The Quarterly No. 38 - April 2001

Arms of London Watermarks: A Means of Dating Undated Manuscripts - Ruby Reid Thompson

In 1995 the author was asked to participate in the creation of a computerised catalogue of the Portland Collection of literary manuscripts, collected by various members of the Cavendish/Harley/Bentinck families of Welbeck Abbey, Nottinghamshire. The article details the use of watermark information gathered during the process in dating anonymous and undated manuscripts, concentrating on variants of the Arms of London watermarks both individually and in conjunction with countermarks.

10  pages, illustrated, tables

Papermill at St. Martin's Richmond

From time to time in The Quarterly we have published artists' images of British papermills. Phil Crockett has provided us with this delightful print of a papermill drawn by George Cuitt in 1814. The two inscriptions, top left, "4 G. Cuitt. Chester. 1814." and bottom left "Papermill at St Martin's, Richmond." however, raise some questions.
The first is where exactly is the mill? George Cuitt (1743-1818) was a Yorkshire painter who rarely worked further afield, although two oil paintings of views in Shropshire are known. This suggests that the Richmond mentioned in the inscription may well be Richmond in Yorkshire, and that "Chester" refers to Chester-le-Street in Co. Durham rather than Chester, Cheshire.
The second question relates to the number 4 in the inscription. Such numbers generally mean that the work is part of a series. But was it a series of topographical views or more particularly a series of mills? If any reader has any information on the St. Martin's Mill depicted or can throw any light on whether other such illustrations of papermills by George Cuitt exist, could they please contact the Editor.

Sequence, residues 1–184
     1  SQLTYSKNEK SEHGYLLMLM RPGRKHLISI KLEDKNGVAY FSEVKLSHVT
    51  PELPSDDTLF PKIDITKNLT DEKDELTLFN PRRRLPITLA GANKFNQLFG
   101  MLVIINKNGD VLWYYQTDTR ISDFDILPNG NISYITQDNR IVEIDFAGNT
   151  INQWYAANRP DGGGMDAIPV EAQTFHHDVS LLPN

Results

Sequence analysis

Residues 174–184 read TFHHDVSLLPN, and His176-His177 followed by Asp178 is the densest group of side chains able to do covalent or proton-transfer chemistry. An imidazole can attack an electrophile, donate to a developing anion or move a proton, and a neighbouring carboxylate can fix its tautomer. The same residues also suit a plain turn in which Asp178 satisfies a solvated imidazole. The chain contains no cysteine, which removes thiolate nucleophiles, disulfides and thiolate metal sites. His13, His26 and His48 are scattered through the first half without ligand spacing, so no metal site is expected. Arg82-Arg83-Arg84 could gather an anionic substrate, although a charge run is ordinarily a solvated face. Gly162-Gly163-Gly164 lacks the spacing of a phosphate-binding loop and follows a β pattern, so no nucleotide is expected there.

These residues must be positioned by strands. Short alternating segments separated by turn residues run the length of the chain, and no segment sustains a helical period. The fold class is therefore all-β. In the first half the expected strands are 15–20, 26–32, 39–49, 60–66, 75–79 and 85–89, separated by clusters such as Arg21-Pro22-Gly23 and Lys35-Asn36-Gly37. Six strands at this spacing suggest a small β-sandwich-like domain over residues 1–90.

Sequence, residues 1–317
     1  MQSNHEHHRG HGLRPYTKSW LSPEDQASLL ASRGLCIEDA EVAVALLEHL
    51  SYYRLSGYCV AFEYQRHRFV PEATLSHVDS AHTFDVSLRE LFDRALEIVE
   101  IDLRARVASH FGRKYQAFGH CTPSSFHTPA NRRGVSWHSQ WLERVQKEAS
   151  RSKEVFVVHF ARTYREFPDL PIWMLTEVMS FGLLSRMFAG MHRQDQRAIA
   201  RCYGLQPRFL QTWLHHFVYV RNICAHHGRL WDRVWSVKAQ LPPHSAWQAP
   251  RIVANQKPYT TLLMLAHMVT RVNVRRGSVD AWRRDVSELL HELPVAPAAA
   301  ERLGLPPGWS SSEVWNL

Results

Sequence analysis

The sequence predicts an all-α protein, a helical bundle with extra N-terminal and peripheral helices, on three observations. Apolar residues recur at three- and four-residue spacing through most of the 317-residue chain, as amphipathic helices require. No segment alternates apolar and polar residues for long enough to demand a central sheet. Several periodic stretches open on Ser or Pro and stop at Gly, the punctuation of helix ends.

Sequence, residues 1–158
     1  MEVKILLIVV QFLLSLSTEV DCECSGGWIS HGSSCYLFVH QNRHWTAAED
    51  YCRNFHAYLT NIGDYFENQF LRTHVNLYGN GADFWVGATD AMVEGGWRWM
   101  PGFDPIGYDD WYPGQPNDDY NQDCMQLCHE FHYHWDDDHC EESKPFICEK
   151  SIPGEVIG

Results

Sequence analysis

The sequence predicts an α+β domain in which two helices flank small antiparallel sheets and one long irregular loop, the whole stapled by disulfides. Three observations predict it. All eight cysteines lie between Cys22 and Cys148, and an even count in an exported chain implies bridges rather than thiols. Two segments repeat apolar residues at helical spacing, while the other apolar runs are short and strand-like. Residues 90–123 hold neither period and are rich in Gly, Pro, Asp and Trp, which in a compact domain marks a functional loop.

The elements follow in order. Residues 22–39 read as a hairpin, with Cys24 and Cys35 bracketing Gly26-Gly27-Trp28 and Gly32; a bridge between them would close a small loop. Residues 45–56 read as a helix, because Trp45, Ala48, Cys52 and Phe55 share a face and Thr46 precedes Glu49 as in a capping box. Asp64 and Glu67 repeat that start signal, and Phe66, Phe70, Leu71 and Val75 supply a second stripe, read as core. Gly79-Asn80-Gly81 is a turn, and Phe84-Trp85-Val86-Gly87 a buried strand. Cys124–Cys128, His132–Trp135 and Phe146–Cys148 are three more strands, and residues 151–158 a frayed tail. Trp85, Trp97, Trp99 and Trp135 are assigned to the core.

1 page, illustrated

British Paper Mills: Bramshott, Barford and Standford Mills near Liphook in Hampshire - Alan Crocker

The River Wey which flows into the Thames at Weybridge in Surrey powered, together with its tributaries, 22 paper mills. This article explores the history of four of these, Barford Upper, Barford Lower, Bramshott and Standford. These all lie near Liphook in Hampshire near the point where Hampshire, Surrey and Sussex meet. All four mills shared common ownership for much of their working lives and in particular the Pim and Warren families of papermakers were very much involved.

9 pages, illustrated

Book Reviews

Puzzles in Paper: Concepts in Historical Watermarks. Edited by Daniel W. Mosser, Michael Saffle and Ernst W. Sullivan II.
Papier en Water / Paper and Water. Devised by Pat Torley and Peter Gentenaar.


Letters to the editor giving further information on the Padsole Mill Token (Quarterly 37, pp1-3) and the Lion Brand Writing Paper mentioned in the articles on the Metaxas Letters (Quarterly 36, pp18-23 & Quarterly 37, pp4-10).Also letters giving details of the growth of hemp for papermaking both historically and currently, and on extracts from the archives of La Papeterie featuring the 1889 Paris Exhibition and on the subject of infected rags.